By the middle of the 19th century the small refreshment post at the Cape had grown into an area of white settlement that covered the whole of what is today the Republic of South Africa.
During the latter half of the 19th century vast deposits of diamonds and gold were discovered in South Africa resulting in the founding of Kimberley and Johannesburg. This had a dramatic economic and political effect, eventually leading to the Anglo-Boer War between Britain and the two Boer republics [1899-1902].
Many blacks had hoped that the British victory would result in franchise rights for them, but when the Union of South Africa consisting of the four former colonies came into being in 1910 they were barred from parliament and repressives measures to entrench white power soon followed. In an act of unity the African National Congress [ANC] was founded in Bloemfontein in 1912 and protests against these laws ensued. The period after the First World War was marked by strike action and the formation of unions. In the 1930's black Cape voters were removed from the common voters' roll, laws were passed to stem black urbanization and force municipalities to segregate black Africans and white residents.
The 1940's saw South Africa participating in World War II under the premiership of Smuts. Strong opposition to the war by the Afrikaners resulted in more support for Malan and the subsequent rise to power of the Nationalist Party. Meanwhile in 1944 the ANC Youth League was formed with Nelson Mandela as its secretary. The result being an almost 50 year long conflict between this organisation and the Nationalist Party.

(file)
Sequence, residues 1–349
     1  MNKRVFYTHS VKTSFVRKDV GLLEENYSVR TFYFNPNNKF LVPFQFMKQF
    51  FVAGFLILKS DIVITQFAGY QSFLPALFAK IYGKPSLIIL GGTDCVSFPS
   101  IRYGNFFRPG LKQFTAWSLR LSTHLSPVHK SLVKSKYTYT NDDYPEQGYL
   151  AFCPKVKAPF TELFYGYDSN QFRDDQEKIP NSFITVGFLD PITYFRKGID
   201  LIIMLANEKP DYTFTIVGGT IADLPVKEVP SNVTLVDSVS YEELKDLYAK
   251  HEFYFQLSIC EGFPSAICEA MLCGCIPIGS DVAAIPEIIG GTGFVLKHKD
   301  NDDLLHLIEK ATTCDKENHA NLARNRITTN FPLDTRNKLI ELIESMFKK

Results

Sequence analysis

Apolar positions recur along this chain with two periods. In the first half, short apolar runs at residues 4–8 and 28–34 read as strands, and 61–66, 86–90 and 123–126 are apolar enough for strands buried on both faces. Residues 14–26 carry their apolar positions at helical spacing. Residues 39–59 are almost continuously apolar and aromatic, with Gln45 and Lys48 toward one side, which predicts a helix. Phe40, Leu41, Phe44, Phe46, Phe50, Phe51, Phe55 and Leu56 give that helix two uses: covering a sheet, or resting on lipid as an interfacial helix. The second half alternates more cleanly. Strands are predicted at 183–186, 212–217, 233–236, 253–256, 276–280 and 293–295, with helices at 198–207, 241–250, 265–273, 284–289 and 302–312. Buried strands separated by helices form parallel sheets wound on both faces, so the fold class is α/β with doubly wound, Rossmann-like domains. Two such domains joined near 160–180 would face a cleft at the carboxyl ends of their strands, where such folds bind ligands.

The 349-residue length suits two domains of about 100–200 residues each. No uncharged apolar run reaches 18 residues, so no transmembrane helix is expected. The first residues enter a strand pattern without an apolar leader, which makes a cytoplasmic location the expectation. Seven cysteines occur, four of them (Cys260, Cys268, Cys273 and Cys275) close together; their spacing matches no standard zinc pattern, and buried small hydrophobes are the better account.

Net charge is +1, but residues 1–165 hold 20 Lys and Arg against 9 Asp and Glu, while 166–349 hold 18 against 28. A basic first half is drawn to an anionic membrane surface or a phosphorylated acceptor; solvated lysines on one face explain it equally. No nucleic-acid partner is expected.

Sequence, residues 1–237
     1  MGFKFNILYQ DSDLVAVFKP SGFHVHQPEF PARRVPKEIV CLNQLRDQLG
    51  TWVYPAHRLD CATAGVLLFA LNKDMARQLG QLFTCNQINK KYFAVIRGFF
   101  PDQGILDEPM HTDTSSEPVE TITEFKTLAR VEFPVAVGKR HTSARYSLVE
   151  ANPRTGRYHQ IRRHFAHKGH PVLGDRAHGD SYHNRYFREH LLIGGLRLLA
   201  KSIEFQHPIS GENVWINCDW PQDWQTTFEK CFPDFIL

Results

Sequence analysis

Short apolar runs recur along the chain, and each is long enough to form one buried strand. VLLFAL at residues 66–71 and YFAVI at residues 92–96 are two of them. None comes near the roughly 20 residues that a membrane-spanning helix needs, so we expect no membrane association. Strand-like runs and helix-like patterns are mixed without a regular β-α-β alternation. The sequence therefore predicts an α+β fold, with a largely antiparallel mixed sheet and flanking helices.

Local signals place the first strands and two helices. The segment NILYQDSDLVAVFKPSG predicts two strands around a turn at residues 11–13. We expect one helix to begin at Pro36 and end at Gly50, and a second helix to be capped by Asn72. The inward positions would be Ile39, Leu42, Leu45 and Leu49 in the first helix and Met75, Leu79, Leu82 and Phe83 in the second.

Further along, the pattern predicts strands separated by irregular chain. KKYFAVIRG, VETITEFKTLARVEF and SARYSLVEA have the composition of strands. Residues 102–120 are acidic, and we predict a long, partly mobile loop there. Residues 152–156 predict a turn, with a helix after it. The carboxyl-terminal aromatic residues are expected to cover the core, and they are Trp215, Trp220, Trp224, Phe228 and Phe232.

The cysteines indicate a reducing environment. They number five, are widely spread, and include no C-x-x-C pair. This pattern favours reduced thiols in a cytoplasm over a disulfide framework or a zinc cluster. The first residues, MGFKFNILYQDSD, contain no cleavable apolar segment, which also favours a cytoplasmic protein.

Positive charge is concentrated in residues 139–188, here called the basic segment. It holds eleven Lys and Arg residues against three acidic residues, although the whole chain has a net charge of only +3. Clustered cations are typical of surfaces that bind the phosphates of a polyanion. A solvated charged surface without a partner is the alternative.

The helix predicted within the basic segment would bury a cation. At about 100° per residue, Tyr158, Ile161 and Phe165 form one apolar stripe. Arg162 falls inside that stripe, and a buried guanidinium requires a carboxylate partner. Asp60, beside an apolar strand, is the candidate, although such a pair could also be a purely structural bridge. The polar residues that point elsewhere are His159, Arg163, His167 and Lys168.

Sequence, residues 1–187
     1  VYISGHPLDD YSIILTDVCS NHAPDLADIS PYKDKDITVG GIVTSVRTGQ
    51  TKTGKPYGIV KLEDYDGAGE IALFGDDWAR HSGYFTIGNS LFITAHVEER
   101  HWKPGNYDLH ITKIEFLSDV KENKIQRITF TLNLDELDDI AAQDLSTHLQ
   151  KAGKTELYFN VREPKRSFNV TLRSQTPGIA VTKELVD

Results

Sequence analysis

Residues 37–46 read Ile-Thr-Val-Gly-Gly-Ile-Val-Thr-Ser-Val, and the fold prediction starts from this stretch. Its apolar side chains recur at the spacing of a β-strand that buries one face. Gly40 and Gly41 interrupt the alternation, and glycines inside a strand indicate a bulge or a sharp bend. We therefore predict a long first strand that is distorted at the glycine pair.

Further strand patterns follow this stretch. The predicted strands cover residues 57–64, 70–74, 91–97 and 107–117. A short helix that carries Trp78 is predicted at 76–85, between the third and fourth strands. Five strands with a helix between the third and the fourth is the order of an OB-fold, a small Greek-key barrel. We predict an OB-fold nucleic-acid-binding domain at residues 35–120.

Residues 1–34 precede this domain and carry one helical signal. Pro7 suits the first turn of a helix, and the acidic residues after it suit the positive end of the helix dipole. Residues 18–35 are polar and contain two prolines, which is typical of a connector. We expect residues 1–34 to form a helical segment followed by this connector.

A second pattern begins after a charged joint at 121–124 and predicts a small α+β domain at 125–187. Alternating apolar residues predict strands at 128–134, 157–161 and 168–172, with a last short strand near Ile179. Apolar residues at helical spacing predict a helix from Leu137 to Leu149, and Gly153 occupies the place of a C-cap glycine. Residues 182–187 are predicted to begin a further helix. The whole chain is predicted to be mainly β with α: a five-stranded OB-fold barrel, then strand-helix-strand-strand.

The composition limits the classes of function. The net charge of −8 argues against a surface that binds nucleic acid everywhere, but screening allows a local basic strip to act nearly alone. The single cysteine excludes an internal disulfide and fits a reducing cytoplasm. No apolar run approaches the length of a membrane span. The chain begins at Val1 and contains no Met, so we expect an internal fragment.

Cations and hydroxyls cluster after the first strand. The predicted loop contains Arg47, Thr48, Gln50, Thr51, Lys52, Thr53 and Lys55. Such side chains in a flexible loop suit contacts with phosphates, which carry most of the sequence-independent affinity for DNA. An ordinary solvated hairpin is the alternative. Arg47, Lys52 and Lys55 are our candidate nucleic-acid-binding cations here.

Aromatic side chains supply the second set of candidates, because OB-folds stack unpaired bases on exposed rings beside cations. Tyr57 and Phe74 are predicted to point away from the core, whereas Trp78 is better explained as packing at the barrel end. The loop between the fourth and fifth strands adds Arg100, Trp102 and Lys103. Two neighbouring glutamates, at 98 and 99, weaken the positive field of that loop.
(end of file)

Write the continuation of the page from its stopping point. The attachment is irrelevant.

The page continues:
After the war came a time of rapid industrialisation, but skilled work remained with the whites. In 1948 the Nationalist Party gained power which they would not relinquish until 1994. Separate Development [Apartheid] became the official government policy. The result was an increase of unity amongst resistance groups which included black, coloured, Indian and white organisations. In 1961 South Africa became a republic and left the Commonwealth. By the end of that year Umkhonto we Sizwe [The Spear of the Nation] started with acts of sabotage and the UN had called upon its members to institute economic sanctions against South Africa. Mandela, Sisulu and other leaders of the resistance groups were arrested and sentenced to life imprisonment on Robben Island. In 1976 the youth of Soweto marched against unacceptable educational conditions, police fired at them and violence broke out. A state of emergency was declared. By the late 1980's under increasing international pressure the government had no option but to start negotiations with Mandela. In 1990 Mandela was set free and in 1993 after further negotiations an interim constitution was agreed to by 21 political parties. In 1994 the first democratic election was held and Mandela became president.